Pong was the first. Its ability to entertain people for hours on end with no visible narrative or plot line was the feature that distinguished it from other forms of media, namely music and movies. It was the setting that counted here, and the setting alone. Of course, Pong’s was only a preview of what was to come; a multi-billion dollar video game industry that has both affected and influenced pop culture in ways that most of us may not even realize.
Are you a fan of the Resident Evil films? 1980s hip hop? What about Lara Croft: Tomb Raider, Grandma’s Boy or Tron? Can you hum the Super Mario Bros. theme song on command? I’ve never played the game in my life, and I can do it. The list goes on and on. Even though the influence of video games can be easily seen in mainstream pop culture, what about considering how gamer culture and the rise of digital media have influenced our attitudes toward art? Using video games as the medium is one of the more unexplored avenues of the influence of gamer culture, but it’s exactly what an upcoming Winnipeg exhibition is aiming to do.
Reset: post-consumer gamer culture, at the Platform Centre for Photographic and Digital Arts starting June 21, explores the connection between video games and art, and how gamer culture has infiltrated and influenced society around us. Through new media work in print, projections, and hand held interactive forms, Reset explores the ways in which video games have evolved from mere pixels depicting the simplest of scenes to an international industry with countless brands, “worlds,” and affiliations.
The artists whose work is featured have embraced the technology, culture and aesthetics of gaming as a medium. Their work also highlights the history of gaming technology through the devices that the pieces are viewed on. Some use the aesthetics of the games to create digital drawings and short animated loops; some use the technology as a filmmaking tool (this is known as “machinima”); others create their own interactive software applications and modify game controllers or interfaces.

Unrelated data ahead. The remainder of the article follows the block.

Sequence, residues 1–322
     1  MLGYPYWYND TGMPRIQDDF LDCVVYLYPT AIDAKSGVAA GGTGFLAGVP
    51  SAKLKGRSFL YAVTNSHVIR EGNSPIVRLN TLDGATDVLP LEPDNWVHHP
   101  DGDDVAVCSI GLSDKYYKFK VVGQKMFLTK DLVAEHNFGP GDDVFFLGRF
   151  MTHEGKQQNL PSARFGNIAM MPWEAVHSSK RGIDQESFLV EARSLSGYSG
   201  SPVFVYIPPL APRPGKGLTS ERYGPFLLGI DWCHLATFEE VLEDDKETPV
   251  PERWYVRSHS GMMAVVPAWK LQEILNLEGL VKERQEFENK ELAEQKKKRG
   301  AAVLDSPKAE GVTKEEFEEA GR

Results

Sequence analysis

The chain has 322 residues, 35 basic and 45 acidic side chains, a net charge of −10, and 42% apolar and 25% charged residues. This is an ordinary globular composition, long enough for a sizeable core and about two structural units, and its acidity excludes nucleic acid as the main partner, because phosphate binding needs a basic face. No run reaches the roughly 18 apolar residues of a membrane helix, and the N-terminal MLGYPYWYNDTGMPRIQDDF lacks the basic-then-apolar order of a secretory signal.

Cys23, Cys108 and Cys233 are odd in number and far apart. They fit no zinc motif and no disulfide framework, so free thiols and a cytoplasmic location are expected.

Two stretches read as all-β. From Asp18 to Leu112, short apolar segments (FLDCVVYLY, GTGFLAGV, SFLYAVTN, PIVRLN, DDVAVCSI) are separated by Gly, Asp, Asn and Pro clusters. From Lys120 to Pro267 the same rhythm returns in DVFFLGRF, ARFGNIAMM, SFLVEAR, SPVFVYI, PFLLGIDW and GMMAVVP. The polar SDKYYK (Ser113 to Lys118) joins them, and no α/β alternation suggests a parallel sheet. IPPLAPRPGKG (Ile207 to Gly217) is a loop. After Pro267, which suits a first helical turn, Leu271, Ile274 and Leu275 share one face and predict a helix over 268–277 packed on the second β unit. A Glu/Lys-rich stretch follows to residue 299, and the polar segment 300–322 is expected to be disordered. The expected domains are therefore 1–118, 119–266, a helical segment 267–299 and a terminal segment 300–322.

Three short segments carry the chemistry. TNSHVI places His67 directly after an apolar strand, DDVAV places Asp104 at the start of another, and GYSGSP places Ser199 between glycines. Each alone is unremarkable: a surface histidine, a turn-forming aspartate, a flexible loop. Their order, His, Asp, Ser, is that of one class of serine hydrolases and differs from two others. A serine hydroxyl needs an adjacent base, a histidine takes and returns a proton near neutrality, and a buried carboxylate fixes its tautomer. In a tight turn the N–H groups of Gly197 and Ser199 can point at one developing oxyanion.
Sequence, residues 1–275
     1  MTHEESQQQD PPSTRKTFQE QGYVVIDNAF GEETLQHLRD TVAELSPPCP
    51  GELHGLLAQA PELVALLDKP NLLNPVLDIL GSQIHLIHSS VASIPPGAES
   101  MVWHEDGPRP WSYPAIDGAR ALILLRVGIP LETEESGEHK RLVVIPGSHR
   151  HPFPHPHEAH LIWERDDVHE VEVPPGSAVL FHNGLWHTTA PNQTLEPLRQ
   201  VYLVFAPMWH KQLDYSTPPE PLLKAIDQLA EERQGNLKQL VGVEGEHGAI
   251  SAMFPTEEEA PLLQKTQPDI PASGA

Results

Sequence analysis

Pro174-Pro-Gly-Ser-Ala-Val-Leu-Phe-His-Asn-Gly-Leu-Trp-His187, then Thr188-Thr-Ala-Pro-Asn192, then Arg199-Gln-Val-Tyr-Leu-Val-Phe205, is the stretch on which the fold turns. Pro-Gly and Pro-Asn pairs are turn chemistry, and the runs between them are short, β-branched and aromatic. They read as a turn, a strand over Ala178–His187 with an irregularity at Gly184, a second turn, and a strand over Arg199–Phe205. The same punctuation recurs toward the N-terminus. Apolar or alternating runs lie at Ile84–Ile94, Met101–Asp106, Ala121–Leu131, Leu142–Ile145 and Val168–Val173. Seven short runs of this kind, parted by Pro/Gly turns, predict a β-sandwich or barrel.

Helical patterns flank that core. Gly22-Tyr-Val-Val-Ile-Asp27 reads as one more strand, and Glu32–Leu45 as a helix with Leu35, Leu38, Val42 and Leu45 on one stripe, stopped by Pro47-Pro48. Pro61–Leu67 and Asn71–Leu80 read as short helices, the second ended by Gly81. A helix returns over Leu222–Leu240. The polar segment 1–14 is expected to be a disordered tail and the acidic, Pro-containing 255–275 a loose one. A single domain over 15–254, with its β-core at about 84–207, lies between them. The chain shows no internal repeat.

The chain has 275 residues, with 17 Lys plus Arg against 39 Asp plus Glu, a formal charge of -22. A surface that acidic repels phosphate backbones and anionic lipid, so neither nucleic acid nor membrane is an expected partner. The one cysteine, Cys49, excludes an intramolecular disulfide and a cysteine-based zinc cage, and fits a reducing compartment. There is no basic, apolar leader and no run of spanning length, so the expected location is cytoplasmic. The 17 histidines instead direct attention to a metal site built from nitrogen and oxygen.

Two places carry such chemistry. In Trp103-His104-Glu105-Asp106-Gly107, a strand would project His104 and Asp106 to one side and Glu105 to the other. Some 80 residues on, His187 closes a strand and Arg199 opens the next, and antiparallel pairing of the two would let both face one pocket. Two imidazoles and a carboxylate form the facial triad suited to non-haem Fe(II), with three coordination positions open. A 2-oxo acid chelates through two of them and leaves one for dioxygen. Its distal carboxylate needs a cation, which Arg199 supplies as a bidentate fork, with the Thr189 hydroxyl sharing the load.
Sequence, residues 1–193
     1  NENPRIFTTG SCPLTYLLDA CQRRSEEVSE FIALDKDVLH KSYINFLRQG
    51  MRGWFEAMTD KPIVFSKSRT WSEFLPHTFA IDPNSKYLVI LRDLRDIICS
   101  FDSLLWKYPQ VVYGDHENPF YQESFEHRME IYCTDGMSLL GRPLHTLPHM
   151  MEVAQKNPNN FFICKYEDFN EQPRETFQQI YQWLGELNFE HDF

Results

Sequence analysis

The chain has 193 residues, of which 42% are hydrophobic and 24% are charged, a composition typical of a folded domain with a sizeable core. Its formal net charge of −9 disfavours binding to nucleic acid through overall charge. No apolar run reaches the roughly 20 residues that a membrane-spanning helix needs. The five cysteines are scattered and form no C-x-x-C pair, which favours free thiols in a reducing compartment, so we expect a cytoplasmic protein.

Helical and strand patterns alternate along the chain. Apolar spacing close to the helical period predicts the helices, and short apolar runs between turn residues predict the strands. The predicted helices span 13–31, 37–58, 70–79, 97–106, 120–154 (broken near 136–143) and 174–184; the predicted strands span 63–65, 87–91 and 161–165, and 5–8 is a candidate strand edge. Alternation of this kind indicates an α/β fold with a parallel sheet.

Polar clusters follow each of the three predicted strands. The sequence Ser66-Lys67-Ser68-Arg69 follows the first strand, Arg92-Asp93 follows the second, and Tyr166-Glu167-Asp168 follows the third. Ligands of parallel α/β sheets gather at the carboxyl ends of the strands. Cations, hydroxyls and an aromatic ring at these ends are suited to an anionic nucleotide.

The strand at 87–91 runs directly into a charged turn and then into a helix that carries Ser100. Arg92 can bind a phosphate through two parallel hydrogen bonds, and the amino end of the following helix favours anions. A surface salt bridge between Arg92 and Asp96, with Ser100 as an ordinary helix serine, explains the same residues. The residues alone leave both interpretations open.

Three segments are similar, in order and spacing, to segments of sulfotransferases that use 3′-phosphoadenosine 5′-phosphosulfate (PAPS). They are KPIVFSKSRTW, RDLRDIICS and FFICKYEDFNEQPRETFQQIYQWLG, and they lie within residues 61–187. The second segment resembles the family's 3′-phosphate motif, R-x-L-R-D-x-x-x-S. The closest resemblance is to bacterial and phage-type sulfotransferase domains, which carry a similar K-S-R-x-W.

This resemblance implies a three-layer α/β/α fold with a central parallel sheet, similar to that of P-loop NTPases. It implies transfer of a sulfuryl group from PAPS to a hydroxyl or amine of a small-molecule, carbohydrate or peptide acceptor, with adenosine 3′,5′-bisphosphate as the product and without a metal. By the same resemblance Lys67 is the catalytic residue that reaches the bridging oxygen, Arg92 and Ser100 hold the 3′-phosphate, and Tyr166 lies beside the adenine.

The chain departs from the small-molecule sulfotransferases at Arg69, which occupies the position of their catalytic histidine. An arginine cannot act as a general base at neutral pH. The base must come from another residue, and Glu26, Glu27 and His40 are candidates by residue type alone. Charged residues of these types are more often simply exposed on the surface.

Among the artists whose work will be included in the exhibition are native Winnipegger Clint Enns, a filmmaker whose work centers around creating something new out of broken and/or outdated technologies, and Canadian Myfanwy Ashmore, known for her software artwork. Also featured is the work of Dr. Ian Bogost, an award winning designer and media philosopher whose games cover social and political issues and have been played by millions of people internationally. Max Capacity, a media and technology artist from Santa Cruz, California is also featured, his glitch work being derived from a variety of dead media like vintage video games, old and malfunctioning VHS machines and bent electronics.
“Party Time! Hexcellent!” is the name used by Rachel Weil, an artist who creates interactive, glitchable visual art for the Nintendo Entertainment System. And finally, Haydi Roket is an independent graphic designer and media artist from Istanbul whose work is preoccupied with the aesthetics of 8-bit computer and gaming technology; vintage video game consoles and computers are the source of his pieces.
While the sheer variety here would make for more than enough talent for one exhibition, the entire lot is curated by mrghosty (also known as Skot Deeming), a media artist as well as a curator whose own work seeks to challenge consumer models of play associated with video games and gaming culture.
Many various industries are now moving in digital directions. The predictable result is the convergence and interconnection of film, music, fashion, video games and now fine art. With such a unique form of art created by such considerable talents on display in Winnipeg, this exhibition isn’t one to miss.
Reset: post-consumer gamer culture is on at the Platform Centre for Photographic and Digital Arts from June 21 to July 28. The Opening Reception and Curator’s Tour is on Thursday, June 21 at 7 p.m.